Searching for Real Black Confederates in The Civil War Monitor

Civil War MonitorWell, that is at least the working title of an essay that will appear in the next issue of The Civil War Monitor. I just finished with the final edits and I am really happy with the final version.  As far as I know there is nothing out there in a popular publication that deals with this tough topic.  I do my best to bring some light to the relationship between slaveowners and their camp servants at war.  It’s an incredibly frustrating and challenging topic and I don’t claim to have provided the last word.  More than anything else, what I hope it does is raise questions and challenge assumptions on all sides – assumptions that almost always tell us more about the present as opposed to the past.

With that in mind, I hope my fellow high school history teachers will think about picking up a copy for their classrooms.  I think the essay will work well in getting students to think critically about the slave-master dynamic and related issues related to the war generally.

It’s been an absolute pleasure working with Terry Johnston and his editorial team.  They did a great job pushing back with questions that helped to improve both the narrative and analysis.  It clearly reflects their commitment to put out a first-rate magazine that is both a pleasure to read and thought provoking.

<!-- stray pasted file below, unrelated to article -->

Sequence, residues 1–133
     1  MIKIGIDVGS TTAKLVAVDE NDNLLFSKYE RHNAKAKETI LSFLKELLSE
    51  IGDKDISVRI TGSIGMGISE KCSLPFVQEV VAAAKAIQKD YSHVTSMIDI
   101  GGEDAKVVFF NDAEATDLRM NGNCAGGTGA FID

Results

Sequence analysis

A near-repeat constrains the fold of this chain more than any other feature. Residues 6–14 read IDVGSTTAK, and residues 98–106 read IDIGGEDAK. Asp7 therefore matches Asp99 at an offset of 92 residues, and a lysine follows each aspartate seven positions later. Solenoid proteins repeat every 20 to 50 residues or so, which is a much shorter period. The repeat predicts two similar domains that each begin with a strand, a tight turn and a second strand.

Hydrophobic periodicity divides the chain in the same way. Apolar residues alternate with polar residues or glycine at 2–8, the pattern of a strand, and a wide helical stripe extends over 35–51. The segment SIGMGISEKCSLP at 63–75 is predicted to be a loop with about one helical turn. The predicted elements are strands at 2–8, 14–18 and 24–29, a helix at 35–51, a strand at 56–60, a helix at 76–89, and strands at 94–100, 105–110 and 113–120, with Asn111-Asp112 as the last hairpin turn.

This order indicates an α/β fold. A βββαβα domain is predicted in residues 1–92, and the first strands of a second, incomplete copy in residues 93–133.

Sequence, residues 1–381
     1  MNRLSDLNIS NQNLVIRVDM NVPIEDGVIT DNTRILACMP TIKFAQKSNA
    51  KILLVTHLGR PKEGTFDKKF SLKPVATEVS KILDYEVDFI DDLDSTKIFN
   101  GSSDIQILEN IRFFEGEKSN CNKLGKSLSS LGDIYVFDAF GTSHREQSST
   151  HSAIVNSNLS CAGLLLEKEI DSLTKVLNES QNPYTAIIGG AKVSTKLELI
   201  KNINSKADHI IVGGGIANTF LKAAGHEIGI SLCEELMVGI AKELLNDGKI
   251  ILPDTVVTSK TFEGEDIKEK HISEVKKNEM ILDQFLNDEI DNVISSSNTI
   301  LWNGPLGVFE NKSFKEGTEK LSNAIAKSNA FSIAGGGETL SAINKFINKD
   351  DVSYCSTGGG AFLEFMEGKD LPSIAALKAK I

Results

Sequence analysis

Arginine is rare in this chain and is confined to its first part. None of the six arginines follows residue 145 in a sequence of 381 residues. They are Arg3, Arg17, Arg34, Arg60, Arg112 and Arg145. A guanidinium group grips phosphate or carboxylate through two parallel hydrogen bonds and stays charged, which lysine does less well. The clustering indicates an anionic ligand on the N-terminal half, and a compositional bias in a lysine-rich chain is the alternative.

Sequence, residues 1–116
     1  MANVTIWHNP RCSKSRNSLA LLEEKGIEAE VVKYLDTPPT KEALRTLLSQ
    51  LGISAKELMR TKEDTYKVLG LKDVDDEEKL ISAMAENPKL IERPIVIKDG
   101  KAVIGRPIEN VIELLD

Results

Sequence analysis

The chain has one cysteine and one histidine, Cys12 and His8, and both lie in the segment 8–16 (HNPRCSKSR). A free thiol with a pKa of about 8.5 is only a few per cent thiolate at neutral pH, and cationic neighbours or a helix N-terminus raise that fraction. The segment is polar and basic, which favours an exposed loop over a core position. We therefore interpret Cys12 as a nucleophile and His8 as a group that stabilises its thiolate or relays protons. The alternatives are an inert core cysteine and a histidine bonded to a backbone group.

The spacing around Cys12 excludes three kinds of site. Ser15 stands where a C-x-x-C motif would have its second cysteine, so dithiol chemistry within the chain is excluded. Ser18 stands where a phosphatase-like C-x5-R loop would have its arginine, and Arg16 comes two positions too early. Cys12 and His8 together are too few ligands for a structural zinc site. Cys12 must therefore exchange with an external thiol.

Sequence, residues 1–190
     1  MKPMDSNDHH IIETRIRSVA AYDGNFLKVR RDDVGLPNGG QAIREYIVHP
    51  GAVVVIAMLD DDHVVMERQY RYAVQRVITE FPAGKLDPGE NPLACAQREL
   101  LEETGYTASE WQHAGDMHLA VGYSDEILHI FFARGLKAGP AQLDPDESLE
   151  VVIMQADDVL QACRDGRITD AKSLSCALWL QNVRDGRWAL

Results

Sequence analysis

Do yourself a favor and get a subscription today.

5 thoughts on “Searching for Real Black Confederates in The Civil War Monitor

  1. Gbrasher

    Several years ago North & South magazine published a piece about “Black Confederates” by Bruce Levine, and it started a dialogue in the “letters-to-the-editor” section that went back and forth over a couple of issues, with the author feeling compelled to write a lengthy follow-up response. I have no doubt that your new piece is going to spark they same type of discussion, but I know you in particular are especially very well prepared and experienced at engaging in the debate. Of course Terry Johnston (who I agree is awesome to work with) was at “North & South” back in the day, so he knows what to expect too. I suspect that the difference between your piece and Bruce Levine’s is that you take these accounts seriously (as I did in my own book), and use them to analyze the master-slave dynamic of Confederate body servants. Looking forward to reading it and all the dialogue that it will inspire!

    Reply
    1. Kevin Levin

      Hi Glenn,

      I remember that article and the ensuing debate. There was also a piece by John Coski that appeared in N&S. I hope the article leads to a helpful discussion even if it is likely to rile up the usual crowd.

      Reply

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